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TET2 mutations predict thrombotic risk in patients with polycythemia vera

May 15, 2020

Cardiovascular events, including thrombosis are a common complication in patients with myeloproliferative neoplasms (MPN) like polycythemia vera (PV) and essential thrombocythemia (ET).1 Approximately, 34-39% of patients with PV will develop an adverse cardiovascular event during the course of the disease, worsening their prognosis.1 Currently, the risk of thrombosis is stratified according to patient age (higher risk in > 60 years) and history of thrombotic events in patients with PV.2 For ET the driver Janus kinase 2 (JAK2) V617F mutation is also included in thrombotic risk stratification due to its association with an increased risk of thrombosis.2

Non-driver mutations in the DNA-methyltransferase 3A (DNMT3A), tet methylcytosine dioxygenase 2 (TET2), and the additional sex combs like 1 (ASXL1) genes, collectively known as DTA genes, have been associated with clonal hematopoiesis (CHIP) which increases the risk of developing coronary disease and myocardial infarction.1 Nevertheless, there is limited data on the role of DTA mutations in the prediction of thrombotic risk in patients with MPN. For this, Adrián Segura-Díaz and colleagues from the Hospital Universitario de Gran Canaria, Gran Canaria, ES, used next generation sequencing (NGS) to investigate whether pathogenic non-driver mutations can be used as predictors of thrombosis in MPN patients.1 The results of this study were published in Cancers and are summarized below.1

Study design

Initial MPN cohort

  • NGS of samples from N = 68 patients with the following diagnoses:
    • PV: n = 16
    • ET: n = 25
    • Primary myelofibrosis (MF): n = 16
    • Secondary MF: n = 11
  • Median patient age was 68 years (range, 43-90) and 38.2% were males

Case-control PV study

  • N = 55 age-matched patients with PV, comprising 25 patients with, and 30 patients without thrombotic events. Twelve patients were also included in the first analysis described above


Initial MPN cohort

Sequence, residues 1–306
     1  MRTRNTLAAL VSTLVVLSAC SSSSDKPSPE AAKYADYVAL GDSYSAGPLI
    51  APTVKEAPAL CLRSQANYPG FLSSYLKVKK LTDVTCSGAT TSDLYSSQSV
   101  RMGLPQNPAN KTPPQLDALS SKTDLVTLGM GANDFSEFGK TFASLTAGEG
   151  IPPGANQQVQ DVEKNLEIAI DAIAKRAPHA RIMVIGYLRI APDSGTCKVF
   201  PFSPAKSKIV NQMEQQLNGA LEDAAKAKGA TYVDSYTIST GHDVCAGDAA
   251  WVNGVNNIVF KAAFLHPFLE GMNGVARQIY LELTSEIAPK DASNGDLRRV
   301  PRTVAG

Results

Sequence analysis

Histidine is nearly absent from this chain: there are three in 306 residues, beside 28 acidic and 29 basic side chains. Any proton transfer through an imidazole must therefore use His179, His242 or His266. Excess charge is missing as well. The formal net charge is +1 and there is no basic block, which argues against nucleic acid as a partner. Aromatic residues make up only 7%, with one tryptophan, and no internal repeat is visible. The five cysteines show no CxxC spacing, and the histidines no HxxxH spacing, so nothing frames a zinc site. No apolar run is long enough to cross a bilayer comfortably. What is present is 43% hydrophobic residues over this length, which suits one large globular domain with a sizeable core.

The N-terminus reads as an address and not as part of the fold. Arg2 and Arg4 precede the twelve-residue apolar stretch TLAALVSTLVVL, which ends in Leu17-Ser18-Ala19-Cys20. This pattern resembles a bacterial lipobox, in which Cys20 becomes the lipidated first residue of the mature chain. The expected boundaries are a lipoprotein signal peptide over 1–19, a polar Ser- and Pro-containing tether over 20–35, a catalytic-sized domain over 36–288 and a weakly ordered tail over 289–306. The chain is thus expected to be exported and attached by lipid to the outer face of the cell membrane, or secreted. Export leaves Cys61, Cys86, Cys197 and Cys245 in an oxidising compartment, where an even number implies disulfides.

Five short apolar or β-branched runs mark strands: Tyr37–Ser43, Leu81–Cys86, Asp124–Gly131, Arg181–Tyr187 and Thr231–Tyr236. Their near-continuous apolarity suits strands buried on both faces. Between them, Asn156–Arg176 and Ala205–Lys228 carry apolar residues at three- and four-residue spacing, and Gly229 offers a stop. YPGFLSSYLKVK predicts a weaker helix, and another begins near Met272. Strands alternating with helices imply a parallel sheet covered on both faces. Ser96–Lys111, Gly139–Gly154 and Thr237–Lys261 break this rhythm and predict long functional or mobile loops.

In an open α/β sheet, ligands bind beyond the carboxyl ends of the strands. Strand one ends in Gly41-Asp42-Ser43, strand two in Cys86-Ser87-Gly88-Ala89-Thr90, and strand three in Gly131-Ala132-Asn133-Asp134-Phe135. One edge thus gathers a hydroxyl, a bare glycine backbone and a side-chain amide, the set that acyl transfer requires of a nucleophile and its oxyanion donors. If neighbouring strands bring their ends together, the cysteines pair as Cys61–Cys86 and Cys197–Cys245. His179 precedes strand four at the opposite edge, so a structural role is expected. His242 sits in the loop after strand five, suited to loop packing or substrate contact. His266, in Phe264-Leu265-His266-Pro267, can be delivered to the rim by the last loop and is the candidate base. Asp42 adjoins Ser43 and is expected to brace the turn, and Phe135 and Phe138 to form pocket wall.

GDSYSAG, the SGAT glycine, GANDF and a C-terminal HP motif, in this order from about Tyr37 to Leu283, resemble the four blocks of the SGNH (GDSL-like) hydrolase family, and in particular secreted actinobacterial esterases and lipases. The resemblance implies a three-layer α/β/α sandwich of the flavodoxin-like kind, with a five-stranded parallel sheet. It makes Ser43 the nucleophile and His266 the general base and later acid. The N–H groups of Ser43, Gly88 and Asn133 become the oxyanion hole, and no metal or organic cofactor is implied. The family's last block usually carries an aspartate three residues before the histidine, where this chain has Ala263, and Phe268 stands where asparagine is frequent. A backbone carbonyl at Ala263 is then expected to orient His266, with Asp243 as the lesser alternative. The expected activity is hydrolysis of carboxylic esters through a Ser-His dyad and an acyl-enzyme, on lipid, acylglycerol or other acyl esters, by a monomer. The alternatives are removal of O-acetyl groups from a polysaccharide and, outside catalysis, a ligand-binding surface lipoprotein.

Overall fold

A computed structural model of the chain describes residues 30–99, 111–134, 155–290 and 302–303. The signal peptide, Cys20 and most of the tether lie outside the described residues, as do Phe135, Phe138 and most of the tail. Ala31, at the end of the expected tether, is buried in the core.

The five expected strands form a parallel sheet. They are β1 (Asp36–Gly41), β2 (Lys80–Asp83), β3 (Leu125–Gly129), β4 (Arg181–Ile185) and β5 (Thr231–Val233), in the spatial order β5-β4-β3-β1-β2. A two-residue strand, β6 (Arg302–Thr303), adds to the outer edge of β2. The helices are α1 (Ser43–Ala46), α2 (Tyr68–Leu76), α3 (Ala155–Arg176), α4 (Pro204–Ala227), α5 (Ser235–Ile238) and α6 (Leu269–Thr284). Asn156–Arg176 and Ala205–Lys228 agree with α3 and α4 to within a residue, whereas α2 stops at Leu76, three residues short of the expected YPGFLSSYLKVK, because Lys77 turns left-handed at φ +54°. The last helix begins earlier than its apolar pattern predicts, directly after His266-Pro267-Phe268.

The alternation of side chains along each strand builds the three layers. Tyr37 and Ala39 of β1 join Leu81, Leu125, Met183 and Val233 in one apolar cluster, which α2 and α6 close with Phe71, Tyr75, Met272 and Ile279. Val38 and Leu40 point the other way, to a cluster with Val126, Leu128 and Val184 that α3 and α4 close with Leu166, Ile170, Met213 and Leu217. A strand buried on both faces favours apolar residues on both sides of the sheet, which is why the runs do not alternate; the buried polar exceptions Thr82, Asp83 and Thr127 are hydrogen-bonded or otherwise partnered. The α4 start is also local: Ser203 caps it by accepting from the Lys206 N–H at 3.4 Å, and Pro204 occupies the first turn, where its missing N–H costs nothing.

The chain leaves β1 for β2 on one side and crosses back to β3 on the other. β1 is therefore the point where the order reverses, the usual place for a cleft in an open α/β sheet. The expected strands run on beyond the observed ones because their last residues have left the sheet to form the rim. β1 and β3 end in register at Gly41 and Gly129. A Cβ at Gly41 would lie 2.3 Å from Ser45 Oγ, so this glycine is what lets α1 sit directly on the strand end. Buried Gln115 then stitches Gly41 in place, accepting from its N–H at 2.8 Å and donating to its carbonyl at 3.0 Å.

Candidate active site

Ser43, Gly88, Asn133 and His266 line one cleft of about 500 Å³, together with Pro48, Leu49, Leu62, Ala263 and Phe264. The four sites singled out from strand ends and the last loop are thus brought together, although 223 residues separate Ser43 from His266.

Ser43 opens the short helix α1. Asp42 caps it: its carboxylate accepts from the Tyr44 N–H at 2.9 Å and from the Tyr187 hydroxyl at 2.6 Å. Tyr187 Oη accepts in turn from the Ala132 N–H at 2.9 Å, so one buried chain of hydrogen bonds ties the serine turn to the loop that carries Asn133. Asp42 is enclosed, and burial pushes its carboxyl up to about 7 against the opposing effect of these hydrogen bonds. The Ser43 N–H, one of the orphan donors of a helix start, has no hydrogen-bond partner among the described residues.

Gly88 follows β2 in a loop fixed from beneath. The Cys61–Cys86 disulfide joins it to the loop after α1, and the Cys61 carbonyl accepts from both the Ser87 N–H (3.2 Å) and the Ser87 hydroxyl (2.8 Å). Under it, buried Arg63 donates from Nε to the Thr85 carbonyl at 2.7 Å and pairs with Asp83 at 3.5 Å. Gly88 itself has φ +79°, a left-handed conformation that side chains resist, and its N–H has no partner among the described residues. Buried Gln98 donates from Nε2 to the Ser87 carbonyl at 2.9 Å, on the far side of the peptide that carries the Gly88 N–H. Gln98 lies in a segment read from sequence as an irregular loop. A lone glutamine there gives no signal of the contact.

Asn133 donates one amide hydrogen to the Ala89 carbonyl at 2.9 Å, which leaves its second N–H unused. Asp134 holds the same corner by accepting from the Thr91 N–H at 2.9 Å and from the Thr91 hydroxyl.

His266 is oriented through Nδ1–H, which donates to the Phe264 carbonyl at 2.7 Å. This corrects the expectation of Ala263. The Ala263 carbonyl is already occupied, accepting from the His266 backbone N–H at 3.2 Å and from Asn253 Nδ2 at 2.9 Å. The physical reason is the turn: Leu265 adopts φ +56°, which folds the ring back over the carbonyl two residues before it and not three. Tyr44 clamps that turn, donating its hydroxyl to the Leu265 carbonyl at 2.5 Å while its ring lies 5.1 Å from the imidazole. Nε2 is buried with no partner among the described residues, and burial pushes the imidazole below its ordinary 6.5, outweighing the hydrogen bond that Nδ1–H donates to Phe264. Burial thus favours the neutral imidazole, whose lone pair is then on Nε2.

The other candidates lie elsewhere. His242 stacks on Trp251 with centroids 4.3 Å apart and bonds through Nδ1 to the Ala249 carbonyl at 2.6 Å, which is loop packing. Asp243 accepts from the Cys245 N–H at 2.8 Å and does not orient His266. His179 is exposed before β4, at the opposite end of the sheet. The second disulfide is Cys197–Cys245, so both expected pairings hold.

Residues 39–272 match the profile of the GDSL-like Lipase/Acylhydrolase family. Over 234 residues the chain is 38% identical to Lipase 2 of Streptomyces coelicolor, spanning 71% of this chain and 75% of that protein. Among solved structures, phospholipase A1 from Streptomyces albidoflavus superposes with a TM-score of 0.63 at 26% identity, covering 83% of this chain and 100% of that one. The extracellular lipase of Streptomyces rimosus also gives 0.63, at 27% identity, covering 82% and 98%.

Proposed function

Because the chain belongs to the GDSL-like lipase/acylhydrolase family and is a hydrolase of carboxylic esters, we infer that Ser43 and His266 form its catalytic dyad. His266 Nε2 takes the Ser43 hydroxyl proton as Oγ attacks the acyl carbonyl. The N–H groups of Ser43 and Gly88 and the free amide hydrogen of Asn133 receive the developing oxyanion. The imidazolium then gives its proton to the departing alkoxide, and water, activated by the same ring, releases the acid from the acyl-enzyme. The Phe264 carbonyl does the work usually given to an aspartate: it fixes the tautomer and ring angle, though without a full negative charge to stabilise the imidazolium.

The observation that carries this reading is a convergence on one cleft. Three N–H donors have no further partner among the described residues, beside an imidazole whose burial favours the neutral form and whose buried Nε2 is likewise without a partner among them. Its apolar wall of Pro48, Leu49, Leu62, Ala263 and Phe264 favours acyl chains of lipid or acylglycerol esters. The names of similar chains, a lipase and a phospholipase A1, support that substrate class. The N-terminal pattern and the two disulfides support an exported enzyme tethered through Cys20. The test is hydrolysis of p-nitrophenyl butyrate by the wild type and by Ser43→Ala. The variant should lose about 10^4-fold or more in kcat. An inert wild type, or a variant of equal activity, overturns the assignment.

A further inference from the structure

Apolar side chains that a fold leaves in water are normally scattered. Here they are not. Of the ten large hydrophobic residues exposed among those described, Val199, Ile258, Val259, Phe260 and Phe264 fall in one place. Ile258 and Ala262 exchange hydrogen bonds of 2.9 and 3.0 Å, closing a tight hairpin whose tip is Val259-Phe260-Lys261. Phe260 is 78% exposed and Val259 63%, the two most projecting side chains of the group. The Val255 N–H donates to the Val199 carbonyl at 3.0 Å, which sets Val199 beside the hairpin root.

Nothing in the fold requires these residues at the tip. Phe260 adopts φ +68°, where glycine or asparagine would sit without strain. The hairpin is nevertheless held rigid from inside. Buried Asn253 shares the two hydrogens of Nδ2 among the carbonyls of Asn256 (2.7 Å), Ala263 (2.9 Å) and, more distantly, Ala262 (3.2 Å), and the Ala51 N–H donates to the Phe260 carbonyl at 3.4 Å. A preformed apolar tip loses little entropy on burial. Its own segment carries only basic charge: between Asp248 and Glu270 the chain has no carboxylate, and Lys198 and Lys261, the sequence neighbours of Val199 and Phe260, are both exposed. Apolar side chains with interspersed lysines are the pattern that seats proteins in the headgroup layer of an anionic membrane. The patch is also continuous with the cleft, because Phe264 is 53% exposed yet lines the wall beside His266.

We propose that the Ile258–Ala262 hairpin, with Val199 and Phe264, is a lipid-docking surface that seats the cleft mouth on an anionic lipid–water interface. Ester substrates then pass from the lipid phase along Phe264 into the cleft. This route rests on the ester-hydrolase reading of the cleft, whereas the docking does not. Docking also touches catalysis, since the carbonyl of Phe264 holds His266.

• In a median follow-up of 50 months (range, 1-200), thrombotic events after diagnosis occurred in 32.4% of the patients. These corresponded to:
    • Arterial thrombosis: 48% (n = 12 events)
    • Venous thrombosis: 52% (n = 13 events)
  • Thrombotic events based on diagnosis occurred in:
    • 43.8% of PV patients
    • 40.0% of ET patients
    • 18.5% of MF patients (primary and secondary)
  • NGS revealed that pathogenic non-driver mutations in genes other than JAK2, calreticulin (CALR) or MPL were observed in 48.5% of patients with a mean number of 0.63 mutations/patients and with 11% of patients harbouring more than one
    • The most common non-driver gene mutations were in DTA genes:
      • DNMT3A: 14.0%
      • TET2: 32.6%
      • ASXL1: 14.0%
  • Mutations in DTA genes were observed in:
    • 62.5% of patients with PV
    • 12% of patients with ET
    • 56.3% of patients with primary MF
    • 45.5% of patients with secondary MF
  • When looking at all MPN patients as a whole, no association between DTA mutations and thrombosis was observed
  • When examining each disease separately, the presence of DTA mutations was significantly associated with thrombosis in patients with PV (p = 0.031; Pearson’s chi-square test) with 85.7% of patients with PV and thrombotic events harbouring at least one DTA mutation
  • Secondary MF patients with DTA mutations also had an increased risk of thrombosis (p = 0.028; Fischer’s exact test) with 87.5% of them having a thrombotic event and a concomitant DTA mutation

Case-control PV study

  • The DTA mutation-thrombosis association in PV was further confirmed in a case-control study with 55 age-matched patients
  • The number of patients with thrombotic events and DTA mutations are shown in Table 1
    • In summary, NGS verified the significant association of DTA mutations and thrombosis in these PV patients (p= 0.0024; 95% CI, 2.02-22.32; Fischer’s exact test)
  • TET2 mutations alone were significantly associated with thrombotic events (p= 0.031; OR= 3.56; 95% CI, 1.15-11.83) with 65% of patients with a thrombotic event harbouring a TET2 mutation
    • When TET2 mutations were removed from the logistical regression analysis, there was no significant association between ASXL1 and DNMT3A mutations and thrombosis in patients with PV

Table 1. Frequency of thrombotic events in patients with DTA and non-DTA mutated polycythemia vera1

DTA, DTA genes (DNMT3A, TET2, or ASXL1)

Thrombotic event


DTA mutated (%)

No DTA mutation (%)

p value

(95% CI)

















This NGS study revealed that pathogenic mutations in DTA genes (DNMT3A, TET2, ASXL1) are significantly associated with the occurrence of thrombotic events in patients with PV. More specifically, the case control study suggested that TET2 mutations specifically are responsible for this association in patients with PV. The authors suggest that mutational analysis in DTA genes should be considered in current risk algorithms at diagnosis to identify patients with PV at higher risk of developing thrombosis.

  1. Segura-Díaz A, Stuckey R, Florido Y, et al. Thrombotic risk detection in patients with polycythemia vera: the predictive role of DNMT3A/TET2/ASXL1 Cancers (Basel). 2020;12(4):E934. DOI: 10.3390/cancers12040934
  2. Tefferi A, Barbui T. Polycythemia vera and essential thrombocythemia: 2019 update on diagnosis, risk-stratification and management. Am J Hematol. 2019;94(1):133-143. DOI: 1002/ajh.25303.